AUGUSTA — An effort to establish a blood level limit to determine whether a driver is impaired from marijuana use may have to wait at least another year, following an unexpected vote Friday in the House of Representatives.

The House voted unanimously and without debate to reject a bill that would set a blood level limit allowing police to charge impaired drivers with operating under the influence.

The Senate previously approved the bill, after a debate pitting those who believe that setting a blood level limit is a public safety issue against those who argued there is not yet a scientific consensus on impairment based on blood levels of THC, the psychoactive compound in marijuana.

The House’s decision to reject the limit effectively stalled the proposal – at least for one year.

Rep. Lori Fowle, D-Vassalboro, House chairwoman of the Criminal Justice and Public Safety Committee, said the disagreement between the House and the Senate means that the proposal is dead for the current session. While bills with that status have been revived in the past, Fowle said she didn’t expect that outcome this year because the legislative session is drawing to a close.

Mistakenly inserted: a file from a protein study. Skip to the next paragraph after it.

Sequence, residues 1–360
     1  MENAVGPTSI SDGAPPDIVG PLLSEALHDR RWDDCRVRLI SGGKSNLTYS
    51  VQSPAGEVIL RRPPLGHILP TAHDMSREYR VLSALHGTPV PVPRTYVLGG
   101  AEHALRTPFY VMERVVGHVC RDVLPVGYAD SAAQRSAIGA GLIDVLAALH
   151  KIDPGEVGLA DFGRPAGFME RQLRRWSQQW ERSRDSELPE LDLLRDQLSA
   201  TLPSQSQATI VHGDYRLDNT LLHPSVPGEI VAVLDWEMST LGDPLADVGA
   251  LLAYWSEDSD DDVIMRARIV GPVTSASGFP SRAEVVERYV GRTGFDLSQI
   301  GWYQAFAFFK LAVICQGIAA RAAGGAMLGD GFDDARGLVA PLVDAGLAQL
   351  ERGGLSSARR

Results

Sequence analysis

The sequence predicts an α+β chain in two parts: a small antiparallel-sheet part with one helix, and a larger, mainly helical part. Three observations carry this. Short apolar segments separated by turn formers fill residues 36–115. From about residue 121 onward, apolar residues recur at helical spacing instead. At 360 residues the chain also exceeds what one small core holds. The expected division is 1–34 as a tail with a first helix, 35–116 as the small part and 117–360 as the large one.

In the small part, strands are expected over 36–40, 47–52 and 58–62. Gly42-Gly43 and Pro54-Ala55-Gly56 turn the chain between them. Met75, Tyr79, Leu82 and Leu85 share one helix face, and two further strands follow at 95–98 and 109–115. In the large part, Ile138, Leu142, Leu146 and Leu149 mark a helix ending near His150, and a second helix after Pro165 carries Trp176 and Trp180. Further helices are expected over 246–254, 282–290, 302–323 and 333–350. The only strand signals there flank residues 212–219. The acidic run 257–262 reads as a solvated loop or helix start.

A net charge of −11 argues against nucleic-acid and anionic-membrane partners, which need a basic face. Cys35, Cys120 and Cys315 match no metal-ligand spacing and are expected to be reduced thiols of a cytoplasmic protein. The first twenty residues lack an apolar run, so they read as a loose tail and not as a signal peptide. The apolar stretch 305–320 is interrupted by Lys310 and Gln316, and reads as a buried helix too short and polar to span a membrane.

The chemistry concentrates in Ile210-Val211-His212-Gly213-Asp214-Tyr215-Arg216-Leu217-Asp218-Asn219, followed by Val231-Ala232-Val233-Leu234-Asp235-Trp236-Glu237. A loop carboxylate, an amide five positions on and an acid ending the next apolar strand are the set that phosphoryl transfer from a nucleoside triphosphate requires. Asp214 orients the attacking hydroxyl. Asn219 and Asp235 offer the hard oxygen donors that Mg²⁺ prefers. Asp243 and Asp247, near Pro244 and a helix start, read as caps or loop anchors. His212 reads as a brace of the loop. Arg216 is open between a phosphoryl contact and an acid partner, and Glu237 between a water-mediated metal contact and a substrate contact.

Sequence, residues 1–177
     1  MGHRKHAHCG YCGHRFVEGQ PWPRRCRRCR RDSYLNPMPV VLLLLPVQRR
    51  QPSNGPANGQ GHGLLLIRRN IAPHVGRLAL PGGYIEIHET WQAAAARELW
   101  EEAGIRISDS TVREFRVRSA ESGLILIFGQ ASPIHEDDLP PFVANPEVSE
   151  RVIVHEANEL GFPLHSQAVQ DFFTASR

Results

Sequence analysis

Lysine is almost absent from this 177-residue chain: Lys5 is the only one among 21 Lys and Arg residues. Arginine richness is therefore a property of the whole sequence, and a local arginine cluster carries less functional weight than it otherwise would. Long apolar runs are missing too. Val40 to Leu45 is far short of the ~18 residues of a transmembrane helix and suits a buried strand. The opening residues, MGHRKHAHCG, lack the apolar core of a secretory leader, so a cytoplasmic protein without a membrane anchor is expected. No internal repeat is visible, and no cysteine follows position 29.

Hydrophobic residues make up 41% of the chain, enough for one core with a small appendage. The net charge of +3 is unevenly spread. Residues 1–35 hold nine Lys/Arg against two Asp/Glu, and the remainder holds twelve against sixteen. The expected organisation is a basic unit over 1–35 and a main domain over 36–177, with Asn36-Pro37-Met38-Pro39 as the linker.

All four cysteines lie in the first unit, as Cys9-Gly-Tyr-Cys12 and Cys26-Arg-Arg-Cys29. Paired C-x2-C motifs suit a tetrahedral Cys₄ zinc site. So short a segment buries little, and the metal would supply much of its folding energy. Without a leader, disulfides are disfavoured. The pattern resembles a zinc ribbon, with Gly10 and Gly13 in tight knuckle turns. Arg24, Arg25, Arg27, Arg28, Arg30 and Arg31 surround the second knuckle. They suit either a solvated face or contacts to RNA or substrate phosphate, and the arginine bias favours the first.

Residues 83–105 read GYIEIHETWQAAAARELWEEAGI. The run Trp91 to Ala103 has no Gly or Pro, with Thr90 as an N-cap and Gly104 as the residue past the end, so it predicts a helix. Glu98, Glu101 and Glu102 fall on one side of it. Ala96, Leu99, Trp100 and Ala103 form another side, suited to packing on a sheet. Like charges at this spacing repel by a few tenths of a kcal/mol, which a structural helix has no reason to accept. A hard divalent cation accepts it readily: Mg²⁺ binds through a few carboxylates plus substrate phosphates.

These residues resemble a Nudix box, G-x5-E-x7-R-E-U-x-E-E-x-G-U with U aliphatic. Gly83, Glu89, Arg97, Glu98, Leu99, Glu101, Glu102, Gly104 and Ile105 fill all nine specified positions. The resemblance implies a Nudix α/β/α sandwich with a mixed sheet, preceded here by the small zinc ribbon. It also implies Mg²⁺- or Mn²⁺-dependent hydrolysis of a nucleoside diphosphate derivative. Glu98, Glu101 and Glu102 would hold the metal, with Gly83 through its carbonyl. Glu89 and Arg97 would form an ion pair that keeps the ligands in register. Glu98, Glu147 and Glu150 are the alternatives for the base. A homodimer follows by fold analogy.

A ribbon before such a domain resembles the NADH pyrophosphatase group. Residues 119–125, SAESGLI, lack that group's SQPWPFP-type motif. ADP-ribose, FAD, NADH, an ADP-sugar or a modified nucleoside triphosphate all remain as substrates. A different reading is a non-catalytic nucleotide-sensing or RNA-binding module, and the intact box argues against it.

A majority of the Criminal Justice and Public Safety Committee voted against the bill March 10.

According to the National Conference of State Legislatures, 17 states have laws setting limits on THC in the bloodstream of someone operating a vehicle.

Several of those states have set the amount between 1 and 5 nanograms per milliliter. The Maine bill sought to impose a 5 nanogram limit – the same as in Colorado and Washington state, where recreational marijuana use is legal.

A bid to legalize recreational use in Maine could appear before voters in November, pending a decision by a Superior Court judge on whether supporters submitted enough valid signatures to qualify for a ballot question.

A number of laboratory studies have determined that marijuana degrades one’s driving ability. However, research on whether it plays a role in accidents has been mixed.

Police already test for alcohol after fatal crashes and request testing for the presence of drugs.

Steve Mistler can be contacted at 620-7016 or at:

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